Hey, if I don’t have time to create content, can I re-use it?
— In email@example.com, Steven Gordon
Again, that is not to say the exact same activities you recommend should not be done, just that they should be viewed as primarily proactive (helping determine future completion criteria) instead of primarily reactive (retroactively changing the current completion criteria).
In some of the circles I run in, we take the idea that you should do 100% Acceptance Test Driven Development – that is – to predict all tests up front, and if you didn’t predict it, it’s not a defect, it’s a “discrepancy between where we actually are and where we thought we would be” as Big Testing Up Front (BTUF).
Personally, I find that testing to get all the tests right up-front is a little like trying to predict all your questions right up front in the game “20 questions”; that the process of exploring the software often helps uncover issues we would not have had otherwise(1, 2).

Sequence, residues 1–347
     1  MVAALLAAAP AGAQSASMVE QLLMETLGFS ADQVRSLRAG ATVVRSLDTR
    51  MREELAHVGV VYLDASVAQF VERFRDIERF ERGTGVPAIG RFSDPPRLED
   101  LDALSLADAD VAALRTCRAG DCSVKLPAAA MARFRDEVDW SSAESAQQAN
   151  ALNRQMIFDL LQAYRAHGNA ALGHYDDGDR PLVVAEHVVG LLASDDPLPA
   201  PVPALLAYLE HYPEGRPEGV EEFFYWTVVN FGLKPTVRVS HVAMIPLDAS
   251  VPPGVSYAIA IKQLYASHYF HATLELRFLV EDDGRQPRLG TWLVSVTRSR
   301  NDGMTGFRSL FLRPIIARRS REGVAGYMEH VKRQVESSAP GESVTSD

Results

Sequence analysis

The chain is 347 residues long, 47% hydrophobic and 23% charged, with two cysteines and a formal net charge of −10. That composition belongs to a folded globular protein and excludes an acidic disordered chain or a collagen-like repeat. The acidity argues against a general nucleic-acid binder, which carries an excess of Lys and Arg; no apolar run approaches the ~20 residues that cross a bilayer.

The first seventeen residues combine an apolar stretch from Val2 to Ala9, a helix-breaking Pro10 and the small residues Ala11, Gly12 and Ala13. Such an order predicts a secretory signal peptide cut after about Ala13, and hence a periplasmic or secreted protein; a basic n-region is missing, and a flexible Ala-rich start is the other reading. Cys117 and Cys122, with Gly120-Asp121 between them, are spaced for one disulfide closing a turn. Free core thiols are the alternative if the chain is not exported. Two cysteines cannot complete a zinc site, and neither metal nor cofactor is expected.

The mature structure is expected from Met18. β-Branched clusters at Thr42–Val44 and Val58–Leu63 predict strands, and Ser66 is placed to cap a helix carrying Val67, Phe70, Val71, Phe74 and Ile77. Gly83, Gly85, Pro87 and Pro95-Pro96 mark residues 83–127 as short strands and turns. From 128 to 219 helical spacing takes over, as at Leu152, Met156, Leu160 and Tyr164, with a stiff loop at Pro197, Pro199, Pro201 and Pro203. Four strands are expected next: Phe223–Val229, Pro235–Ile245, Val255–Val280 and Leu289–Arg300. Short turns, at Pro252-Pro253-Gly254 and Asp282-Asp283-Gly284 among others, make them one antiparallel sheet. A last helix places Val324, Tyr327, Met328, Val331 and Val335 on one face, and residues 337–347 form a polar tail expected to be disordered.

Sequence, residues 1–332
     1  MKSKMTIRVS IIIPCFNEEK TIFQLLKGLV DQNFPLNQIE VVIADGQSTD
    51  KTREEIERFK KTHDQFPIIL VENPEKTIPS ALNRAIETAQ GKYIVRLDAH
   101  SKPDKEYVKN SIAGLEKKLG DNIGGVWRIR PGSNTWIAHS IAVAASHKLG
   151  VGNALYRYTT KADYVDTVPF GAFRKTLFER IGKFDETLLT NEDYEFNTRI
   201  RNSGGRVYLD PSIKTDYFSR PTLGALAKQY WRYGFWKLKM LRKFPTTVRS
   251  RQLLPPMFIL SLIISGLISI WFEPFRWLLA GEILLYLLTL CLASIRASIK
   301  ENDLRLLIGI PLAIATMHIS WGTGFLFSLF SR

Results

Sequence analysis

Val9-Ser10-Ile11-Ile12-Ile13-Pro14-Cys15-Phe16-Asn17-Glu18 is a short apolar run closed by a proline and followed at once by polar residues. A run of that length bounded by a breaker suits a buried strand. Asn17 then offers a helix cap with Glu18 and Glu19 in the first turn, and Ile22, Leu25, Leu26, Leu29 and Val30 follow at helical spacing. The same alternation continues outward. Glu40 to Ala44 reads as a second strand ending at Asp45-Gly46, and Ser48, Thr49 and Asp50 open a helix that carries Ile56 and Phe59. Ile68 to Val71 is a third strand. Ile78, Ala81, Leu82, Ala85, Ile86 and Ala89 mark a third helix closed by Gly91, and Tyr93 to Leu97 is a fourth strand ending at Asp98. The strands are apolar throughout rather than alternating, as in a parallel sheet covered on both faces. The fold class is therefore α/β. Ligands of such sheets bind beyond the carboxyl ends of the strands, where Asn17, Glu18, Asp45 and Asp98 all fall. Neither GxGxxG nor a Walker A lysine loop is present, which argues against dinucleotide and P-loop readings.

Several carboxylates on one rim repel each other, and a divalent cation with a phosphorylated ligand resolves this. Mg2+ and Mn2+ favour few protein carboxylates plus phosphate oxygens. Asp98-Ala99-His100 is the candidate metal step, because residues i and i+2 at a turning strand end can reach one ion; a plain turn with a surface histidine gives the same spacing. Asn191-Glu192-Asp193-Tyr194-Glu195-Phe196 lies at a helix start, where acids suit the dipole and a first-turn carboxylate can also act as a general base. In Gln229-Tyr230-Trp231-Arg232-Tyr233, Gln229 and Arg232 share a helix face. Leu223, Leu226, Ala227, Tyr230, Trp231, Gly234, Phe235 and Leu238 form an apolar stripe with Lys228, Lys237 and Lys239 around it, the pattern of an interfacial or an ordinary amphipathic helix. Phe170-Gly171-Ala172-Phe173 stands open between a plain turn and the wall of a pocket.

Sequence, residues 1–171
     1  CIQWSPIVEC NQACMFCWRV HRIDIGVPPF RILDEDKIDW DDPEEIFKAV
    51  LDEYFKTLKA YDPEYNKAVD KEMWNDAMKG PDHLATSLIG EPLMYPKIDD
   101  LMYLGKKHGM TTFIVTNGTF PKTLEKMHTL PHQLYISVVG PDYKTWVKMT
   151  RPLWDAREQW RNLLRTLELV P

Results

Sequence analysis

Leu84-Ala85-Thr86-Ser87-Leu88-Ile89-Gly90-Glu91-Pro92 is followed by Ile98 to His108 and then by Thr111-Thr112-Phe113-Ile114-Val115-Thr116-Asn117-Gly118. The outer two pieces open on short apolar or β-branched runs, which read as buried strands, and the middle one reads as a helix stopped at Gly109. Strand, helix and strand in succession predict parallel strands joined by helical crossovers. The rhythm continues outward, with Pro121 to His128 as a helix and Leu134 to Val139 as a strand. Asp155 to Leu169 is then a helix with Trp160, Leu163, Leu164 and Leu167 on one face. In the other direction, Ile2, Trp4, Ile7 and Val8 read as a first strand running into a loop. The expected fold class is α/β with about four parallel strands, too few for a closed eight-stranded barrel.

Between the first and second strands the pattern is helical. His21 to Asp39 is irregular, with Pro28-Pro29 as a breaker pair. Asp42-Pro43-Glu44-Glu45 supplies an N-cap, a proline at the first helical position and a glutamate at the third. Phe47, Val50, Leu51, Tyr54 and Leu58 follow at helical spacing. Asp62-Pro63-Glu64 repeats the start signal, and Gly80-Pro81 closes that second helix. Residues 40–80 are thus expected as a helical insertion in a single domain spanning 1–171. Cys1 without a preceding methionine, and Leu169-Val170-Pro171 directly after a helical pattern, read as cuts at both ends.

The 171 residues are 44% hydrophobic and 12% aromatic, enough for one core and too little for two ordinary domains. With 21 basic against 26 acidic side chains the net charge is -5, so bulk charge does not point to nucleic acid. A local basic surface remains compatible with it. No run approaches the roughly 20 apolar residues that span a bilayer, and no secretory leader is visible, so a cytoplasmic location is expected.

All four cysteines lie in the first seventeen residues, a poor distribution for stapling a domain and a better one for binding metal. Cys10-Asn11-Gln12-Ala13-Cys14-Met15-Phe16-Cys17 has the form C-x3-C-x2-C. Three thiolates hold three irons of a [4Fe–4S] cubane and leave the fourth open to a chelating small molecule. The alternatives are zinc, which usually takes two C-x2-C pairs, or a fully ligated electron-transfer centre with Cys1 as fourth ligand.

Now, as for changing completion criteria, I agree – but the majority of defects I find in exploratory testing are of the type where the developer is told of the issue and says “Yeah, you’re right, it shouldn’t do that.” That is to say, the teams shared mental model of how the software works was in alignment. I call that a defect, or, occasionally, a “Bug.”
I understand the Extreme Programming literature had a negative reaction to big design up front. Something about how not all elements of the design could be predicted, and the design itself evolved along with the product, or something.
Can you see how BTUF looks from the testing side of the fence? (I am speaking of acceptance testing; I’ve see BTUF work well, often, for “pure” developer-testing.)
(1) – This is not my original idea; see “A Practitioner’s Guide to Software Test
Design”, by Lee Copeland, Pg. 203.
(2) My current team has shipped working software in something like 30 out of the past 33 2-week iterations. For blocker bugs, we do not enjoy the luxury of saying “the story is done, if you want to get that fixed, make it a story for the next iteration.”
I am not suggesting that acceptance tests are bad. I think they are a great communication tool, and that they can streamline the dev/test process. I’m only suggesting that we set our expectations properly for acceptance tests. I focus on acceptance tests that are valuable over comprehensive. Even James Shore, “Mr. Agile Agile Agile”, seems to have come around to this idea – see his misuse of FIT #5.